Burundi: Limited internet access hinders youth employment

By Avit Ndayiziga

With each passing day, the relentless progress of technology continues to shape our present and future possibilities. Due to this, traditional jobs are shrinking as the world is gradually migrating to digital entrepreneurship. Meanwhile, the youth in Burundi are struggling to cope with the advancements, due to slow or no access to reliable internet. 

Across the country, Burundi’s digital generation stretches back and forth to find its pace. However, their journeys have been limited to social media platforms. 

According to the recent data published by Agence de Régulation et de Contrôle des Télécommunications du Burundi (ARCT) in October 2023, out of eight million mobile phone users in Burundi, only 2.9 million people have access to the internet. This figure accounts for just 24.3 percent of the country’s population, which is 12 million.

This has, so far, jeopardized the lives of the youth in Burundi, who make up over 60 percent of the country’s population. These young individuals are striving to escape from the unemployment trap chain by venturing into digital projects such as online trading, delivery services, vlogging, blogging, and other internet-dependent services. 

However, slow or no access to reliable internet prevents them from embarking on the field. The few that try mainly in Bujumbura, the economic city, complain about the internet sluggishness. 

Internet sluggishness snarls youth employment

Franck Faith, a web designer at Xdash Media, a collective of young developers and designers based in Bujumbura, the economic city of Burundi, shares his frustration with the slow internet speeds, particularly the sluggish uploading speed as it hinders him from meeting the expectations of his clients.

Franck Faith, a web designer at Xdash Media, a collective of young developers and designers based in Bujumbura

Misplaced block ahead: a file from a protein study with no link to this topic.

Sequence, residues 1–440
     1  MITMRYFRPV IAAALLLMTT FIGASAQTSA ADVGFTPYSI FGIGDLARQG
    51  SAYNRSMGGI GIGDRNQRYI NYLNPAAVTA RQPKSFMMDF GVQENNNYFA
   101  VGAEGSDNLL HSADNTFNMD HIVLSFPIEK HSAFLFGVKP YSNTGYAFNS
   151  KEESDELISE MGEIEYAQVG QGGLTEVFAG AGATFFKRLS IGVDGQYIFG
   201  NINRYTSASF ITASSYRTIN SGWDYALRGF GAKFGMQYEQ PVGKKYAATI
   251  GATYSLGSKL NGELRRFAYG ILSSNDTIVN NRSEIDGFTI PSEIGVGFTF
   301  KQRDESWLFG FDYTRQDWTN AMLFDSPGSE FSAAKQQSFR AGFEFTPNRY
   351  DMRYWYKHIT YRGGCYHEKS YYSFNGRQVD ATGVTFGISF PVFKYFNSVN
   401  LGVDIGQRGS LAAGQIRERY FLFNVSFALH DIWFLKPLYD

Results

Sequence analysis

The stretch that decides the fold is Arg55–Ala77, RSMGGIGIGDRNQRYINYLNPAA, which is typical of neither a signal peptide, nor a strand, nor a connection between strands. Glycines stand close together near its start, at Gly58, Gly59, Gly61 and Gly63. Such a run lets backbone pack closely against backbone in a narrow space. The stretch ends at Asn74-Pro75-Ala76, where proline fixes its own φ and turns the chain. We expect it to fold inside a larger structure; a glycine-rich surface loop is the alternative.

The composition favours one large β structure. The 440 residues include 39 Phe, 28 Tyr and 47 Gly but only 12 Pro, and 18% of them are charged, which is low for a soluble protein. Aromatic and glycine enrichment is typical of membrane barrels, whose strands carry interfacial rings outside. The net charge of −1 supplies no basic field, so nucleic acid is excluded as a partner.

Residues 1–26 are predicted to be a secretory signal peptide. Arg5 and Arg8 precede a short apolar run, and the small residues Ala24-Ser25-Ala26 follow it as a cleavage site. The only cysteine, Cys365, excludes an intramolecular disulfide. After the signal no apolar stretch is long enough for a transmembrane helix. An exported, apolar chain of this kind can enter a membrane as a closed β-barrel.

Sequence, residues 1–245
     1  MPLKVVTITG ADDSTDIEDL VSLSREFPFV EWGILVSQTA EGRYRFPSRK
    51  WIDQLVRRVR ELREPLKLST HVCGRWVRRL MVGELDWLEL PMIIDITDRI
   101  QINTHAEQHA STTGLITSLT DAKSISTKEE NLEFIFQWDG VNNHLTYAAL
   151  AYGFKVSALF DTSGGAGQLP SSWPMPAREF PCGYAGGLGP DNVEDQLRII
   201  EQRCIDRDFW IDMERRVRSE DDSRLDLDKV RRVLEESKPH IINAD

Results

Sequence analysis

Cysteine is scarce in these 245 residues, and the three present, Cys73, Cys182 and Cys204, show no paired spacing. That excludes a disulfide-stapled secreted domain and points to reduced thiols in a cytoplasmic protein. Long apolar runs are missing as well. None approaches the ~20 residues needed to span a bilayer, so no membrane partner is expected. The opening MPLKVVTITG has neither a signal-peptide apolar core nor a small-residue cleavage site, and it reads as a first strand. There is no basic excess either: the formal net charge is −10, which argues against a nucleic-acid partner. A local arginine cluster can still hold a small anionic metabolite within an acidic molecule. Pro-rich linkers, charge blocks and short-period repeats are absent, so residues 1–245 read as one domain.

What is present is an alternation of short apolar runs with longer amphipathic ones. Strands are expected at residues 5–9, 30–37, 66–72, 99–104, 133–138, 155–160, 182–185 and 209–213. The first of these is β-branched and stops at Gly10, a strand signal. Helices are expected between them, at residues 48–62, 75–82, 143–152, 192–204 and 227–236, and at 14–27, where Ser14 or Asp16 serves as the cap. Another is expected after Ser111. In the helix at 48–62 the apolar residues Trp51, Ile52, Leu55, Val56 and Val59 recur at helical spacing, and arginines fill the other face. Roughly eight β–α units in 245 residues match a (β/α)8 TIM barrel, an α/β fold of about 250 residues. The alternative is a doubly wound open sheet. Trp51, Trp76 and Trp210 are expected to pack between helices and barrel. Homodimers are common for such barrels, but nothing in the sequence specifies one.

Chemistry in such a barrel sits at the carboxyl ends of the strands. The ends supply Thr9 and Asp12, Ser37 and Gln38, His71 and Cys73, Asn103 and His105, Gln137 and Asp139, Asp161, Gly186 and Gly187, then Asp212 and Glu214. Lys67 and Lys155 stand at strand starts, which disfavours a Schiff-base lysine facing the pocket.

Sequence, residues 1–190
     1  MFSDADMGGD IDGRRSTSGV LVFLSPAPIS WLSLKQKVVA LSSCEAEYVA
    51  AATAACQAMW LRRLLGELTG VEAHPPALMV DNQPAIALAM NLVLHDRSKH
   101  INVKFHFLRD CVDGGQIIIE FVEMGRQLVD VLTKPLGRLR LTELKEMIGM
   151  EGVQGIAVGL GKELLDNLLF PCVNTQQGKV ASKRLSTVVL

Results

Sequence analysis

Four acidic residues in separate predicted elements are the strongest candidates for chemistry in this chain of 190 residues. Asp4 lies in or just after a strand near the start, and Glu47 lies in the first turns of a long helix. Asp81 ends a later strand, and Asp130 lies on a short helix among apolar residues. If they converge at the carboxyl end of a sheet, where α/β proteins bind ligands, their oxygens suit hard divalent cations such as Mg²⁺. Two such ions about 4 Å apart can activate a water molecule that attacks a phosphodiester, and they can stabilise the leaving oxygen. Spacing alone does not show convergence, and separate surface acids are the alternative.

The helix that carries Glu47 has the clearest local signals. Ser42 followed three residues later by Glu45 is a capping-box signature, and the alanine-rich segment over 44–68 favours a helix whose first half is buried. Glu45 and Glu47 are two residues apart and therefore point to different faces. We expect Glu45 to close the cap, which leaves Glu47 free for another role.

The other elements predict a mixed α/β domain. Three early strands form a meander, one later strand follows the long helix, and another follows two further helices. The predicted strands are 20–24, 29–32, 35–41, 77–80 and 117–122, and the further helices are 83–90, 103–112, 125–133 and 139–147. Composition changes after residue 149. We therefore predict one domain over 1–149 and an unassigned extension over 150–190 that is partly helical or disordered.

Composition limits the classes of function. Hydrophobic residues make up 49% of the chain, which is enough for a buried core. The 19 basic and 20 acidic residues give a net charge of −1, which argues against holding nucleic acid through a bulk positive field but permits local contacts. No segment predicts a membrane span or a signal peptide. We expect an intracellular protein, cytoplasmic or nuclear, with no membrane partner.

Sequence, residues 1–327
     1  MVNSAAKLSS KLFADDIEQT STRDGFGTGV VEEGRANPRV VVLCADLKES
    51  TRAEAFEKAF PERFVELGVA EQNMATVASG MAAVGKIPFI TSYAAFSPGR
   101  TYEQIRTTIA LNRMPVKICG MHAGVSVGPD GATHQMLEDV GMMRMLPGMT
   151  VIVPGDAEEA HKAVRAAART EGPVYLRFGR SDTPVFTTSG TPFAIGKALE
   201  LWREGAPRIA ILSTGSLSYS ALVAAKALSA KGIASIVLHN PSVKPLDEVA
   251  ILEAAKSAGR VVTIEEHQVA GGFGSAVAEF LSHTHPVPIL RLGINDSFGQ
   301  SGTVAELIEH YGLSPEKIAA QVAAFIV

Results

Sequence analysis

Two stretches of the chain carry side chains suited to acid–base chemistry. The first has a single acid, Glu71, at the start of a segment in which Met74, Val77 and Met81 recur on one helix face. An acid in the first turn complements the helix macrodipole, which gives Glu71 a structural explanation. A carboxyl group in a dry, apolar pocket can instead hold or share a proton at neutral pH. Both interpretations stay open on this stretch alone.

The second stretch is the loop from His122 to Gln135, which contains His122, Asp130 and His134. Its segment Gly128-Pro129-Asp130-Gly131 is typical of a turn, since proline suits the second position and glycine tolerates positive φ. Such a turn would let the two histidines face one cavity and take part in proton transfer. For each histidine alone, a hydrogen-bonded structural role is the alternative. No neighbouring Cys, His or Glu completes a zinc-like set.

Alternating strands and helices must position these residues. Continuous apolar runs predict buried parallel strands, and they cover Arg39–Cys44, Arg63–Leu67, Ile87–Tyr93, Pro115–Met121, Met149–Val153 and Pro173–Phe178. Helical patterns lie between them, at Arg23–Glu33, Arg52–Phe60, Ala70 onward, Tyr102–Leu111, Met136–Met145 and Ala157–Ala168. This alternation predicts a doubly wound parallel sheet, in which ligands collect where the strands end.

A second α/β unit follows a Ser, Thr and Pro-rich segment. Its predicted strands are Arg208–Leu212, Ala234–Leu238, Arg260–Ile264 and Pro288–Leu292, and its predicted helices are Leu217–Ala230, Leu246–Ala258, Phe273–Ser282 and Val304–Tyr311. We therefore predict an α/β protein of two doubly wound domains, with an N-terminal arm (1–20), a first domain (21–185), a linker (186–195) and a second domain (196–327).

“When designing websites, I have to work late at night because that is when I at least have a short window of stable internet connection for uploading. However, not all can stand till late at night”,  Lamented Faith.

Edisson Ndayahoze, a content creator and journalist, echoes Faith’s frustration. “Here in Burundi, internet providers such as Lumitel and Econet Wireless are complicating our lives. Let’s take this example,” he explains. “I create and edit a short video of between 10 and 15 minutes, but when I try to upload it to my social media platforms, it takes an entire day. This does not only impact my reputation, but it also affects my followers, whom I consider as customers. They lose interest in my content and I gain little at the end of the day.”Complained Edisson.

Edisson Ndayahoze, a content creator and journalist

Over the past few years, the government has been overcharging the internet whenever a fiscal year starts. However, the state of speed has never changed. According to the content creator and journalist, it is a paradox.

“The Government should monitor internet speed for small-scale digital entrepreneurs,” said Edisson Ndayahoze. He added that they are collecting internet fees for free without providing stable and reliable internet.  

Backing him, Cedric Irakoze, a professional translator and interpreter who has been working for Translator Without Borders, meanwhile, laments how he couldn’t secure a lucrative remote job due to slow internet download and upload speeds. 

“I have changed almost all internet providers and subscribed to their best internet packages but in vain. I do not know what is happening with our internet providers,” lamented Irakoze. 

“In my job as a translator, I consider the internet a fundamental necessity, just like water and food. Without a reliable and stable internet connection, I am unable to work, and without work, I cannot survive”. 

I have lost highly profitable remote jobs because it was requested to provide proof of an internet speed ranging from 10 megabits per second (MbS) to 20 MbS, which is building castles in Burundi, concluded Cedric.

Not only do young people complain about sluggish internet, but even well-known activists complain.